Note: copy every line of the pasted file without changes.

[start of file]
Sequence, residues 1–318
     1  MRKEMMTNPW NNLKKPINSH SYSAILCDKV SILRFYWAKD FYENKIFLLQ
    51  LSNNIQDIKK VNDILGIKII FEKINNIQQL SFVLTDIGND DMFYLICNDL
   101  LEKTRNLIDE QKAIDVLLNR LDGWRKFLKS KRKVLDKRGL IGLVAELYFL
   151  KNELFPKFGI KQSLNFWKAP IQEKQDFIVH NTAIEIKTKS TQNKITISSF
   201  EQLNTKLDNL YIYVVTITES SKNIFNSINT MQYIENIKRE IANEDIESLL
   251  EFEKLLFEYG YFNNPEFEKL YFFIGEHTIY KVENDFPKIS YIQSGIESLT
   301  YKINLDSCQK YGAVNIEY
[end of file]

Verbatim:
Sequence, residues 1–318
     1  MRKEMMTNPW NNLKKPINSH SYSAILCDKV SILRFYWAKD FYENKIFLLQ
    51  LSNNIQDIKK VNDILGIKII FEKINNIQQL SFVLTDIGND DMFYLICNDL
   101  LEKTRNLIDE QKAIDVLLNR LDGWRKFLKS KRKVLDKRGL IGLVAELYFL
   151  KNELFPKFGI KQSLNFWKAP IQEKQDFIVH NTAIEIKTKS TQNKITISSF
   201  EQLNTKLDNL YIYVVTITES SKNIFNSINT MQYIENIKRE IANEDIESLL
   251  EFEKLLFEYG YFNNPEFEKL YFFIGEHTIY KVENDFPKIS YIQSGIESLT
   301  YKINLDSCQK YGAVNIEY